Headquartered in Leamington, Ontario, the company currently maintains a presence in more than 10 countries across five continents.

Aphria pledged in February to improve its management practices after an independent investigation found some of its directors had conflicts of interest related to its 2018 acquisition of LATAM Holdings.

Also set to announce Monday is Organigram Holdings, parent company of Organigram, a licensed producer of cannabis and derivative products in Canada.

Moncton, New Brunswick-based Organigram Holdings earlier this month announced the appointment of former PwC Canada executive James Cavanagh as its new chief of staff.

POLICY SUMMIT: The second annual National Cannabis Policy Summit takes place at 9 a.m. ET Friday at the Newseum in Washington DC.

The event brings together activists and leaders from government, business, health care, veterans groups and civil rights organizations to discuss cannabis policy challenges and opportunities.

Among the panel sessions scheduled for the daylong event include “Fake News: The Role and Responsibilities of Journalists in Reversing the Narrative of the War on Drugs” and “Leveling the Playing Field: Is the Cannabis Industry a Second Chance for Victims of the Failed War on Drugs?”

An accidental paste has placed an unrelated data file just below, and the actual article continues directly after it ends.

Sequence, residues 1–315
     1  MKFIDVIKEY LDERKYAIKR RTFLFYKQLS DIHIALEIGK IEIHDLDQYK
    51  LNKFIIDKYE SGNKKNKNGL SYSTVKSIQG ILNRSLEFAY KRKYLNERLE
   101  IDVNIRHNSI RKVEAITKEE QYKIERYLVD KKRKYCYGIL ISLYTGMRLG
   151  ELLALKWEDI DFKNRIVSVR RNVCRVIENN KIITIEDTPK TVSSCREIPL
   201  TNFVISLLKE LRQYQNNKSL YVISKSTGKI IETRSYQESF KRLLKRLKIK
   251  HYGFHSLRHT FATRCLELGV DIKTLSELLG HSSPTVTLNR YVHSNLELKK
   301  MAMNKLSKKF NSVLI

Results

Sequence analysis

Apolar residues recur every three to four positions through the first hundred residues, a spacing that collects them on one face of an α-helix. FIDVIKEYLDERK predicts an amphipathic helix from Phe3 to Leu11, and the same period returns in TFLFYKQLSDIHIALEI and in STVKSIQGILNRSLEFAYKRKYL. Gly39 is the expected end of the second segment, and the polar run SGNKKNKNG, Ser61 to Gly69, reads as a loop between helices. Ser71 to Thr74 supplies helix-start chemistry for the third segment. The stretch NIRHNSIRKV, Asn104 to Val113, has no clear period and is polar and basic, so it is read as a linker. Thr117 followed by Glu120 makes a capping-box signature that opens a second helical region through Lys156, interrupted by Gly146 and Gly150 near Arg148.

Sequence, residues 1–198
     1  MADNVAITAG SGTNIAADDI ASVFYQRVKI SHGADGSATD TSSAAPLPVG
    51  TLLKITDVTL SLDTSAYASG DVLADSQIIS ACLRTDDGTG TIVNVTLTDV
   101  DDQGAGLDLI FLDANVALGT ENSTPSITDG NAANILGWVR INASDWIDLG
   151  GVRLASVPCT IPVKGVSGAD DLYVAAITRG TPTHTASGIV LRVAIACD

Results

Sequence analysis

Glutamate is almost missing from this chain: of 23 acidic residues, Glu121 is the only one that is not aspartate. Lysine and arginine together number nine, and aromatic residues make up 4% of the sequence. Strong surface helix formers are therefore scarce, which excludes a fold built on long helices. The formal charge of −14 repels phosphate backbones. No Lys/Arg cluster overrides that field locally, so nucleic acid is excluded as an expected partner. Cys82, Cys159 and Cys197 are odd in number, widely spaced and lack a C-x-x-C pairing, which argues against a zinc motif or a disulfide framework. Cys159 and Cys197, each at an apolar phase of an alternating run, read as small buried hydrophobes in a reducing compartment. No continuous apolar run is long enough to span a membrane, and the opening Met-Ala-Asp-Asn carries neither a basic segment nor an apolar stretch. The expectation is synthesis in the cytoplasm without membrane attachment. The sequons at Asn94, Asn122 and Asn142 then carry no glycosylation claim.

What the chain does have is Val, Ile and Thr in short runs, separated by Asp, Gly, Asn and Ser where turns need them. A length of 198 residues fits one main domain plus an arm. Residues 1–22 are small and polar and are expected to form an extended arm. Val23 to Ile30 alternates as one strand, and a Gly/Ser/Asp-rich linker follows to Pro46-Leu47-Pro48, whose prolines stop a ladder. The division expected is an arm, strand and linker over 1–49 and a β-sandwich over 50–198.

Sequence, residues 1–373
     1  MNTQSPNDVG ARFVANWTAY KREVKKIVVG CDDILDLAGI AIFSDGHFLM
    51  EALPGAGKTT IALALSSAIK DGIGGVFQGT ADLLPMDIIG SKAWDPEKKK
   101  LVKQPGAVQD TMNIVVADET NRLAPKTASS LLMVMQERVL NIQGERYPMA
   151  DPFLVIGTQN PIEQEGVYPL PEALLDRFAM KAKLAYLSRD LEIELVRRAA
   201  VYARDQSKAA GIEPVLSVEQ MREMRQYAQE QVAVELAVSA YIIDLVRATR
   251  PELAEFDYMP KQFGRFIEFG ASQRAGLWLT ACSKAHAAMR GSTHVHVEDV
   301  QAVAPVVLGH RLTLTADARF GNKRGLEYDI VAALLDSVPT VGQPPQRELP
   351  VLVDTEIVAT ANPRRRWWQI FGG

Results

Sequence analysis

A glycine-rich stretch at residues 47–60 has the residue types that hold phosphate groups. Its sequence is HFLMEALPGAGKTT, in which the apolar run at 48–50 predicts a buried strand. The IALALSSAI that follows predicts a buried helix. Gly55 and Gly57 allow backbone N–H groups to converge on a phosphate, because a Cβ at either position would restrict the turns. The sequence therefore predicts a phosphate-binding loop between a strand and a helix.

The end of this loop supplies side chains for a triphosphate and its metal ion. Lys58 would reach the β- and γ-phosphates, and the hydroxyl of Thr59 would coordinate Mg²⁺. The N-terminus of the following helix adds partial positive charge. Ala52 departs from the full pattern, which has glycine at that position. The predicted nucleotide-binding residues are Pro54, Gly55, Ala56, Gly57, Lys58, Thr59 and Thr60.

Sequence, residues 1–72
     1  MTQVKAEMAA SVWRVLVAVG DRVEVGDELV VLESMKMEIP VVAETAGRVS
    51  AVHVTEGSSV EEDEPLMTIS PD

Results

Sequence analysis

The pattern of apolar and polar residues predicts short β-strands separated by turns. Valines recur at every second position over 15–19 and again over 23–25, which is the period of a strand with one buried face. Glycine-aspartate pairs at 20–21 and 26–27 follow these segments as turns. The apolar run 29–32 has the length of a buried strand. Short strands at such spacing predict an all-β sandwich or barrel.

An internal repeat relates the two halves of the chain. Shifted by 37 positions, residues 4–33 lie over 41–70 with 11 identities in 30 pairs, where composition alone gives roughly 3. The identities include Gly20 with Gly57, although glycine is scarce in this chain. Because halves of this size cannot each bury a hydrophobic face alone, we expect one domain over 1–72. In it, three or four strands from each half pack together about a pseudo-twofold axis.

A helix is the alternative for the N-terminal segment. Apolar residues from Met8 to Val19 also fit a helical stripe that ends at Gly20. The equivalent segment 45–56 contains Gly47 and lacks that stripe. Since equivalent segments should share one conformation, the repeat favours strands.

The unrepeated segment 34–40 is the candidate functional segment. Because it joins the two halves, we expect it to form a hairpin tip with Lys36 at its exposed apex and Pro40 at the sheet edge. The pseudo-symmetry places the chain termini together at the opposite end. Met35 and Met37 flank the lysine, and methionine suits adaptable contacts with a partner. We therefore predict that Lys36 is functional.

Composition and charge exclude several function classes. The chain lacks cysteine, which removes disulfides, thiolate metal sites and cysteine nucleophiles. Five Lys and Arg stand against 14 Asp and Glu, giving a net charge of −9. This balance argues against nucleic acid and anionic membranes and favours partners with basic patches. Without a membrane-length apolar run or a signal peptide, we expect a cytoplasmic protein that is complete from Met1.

Ethan Nadelmann, the founder and former executive director of the Drug Policy Alliance, will deliver the opening remarks, and U.S. Rep. Jamie Raskin, a Maryland Democrat, will give the keynote address. Raskin has co-sponsored several cannabis-related bills, including the SAFE Banking Act of 2019 and Marijuana Justice Act of 2018.

The summit is free and open to the public. Registration is required for entry and seating is on a first-come, first-served basis. For more information, visit nationalcannabisfestival.com.

EXPIRING LICENSE SCORECARD: There are 916 temporary cultivation licenses set to expire this week in California, according to an analysis of state license data by Marijuana Business Daily.

As of last week, 2,386 licenses had expired thus far in 2019.

These temporary business licenses – under which most of the legal MJ supply chain has operated since the beginning of 2018 – are expiring because the state has yet to finish processing annual or provisional licenses to replace the temporary permits.

Senate Bill 67, which would extend the life span of temporary permits, was approved April 4 by the full Senate and has been sent to the state Assembly.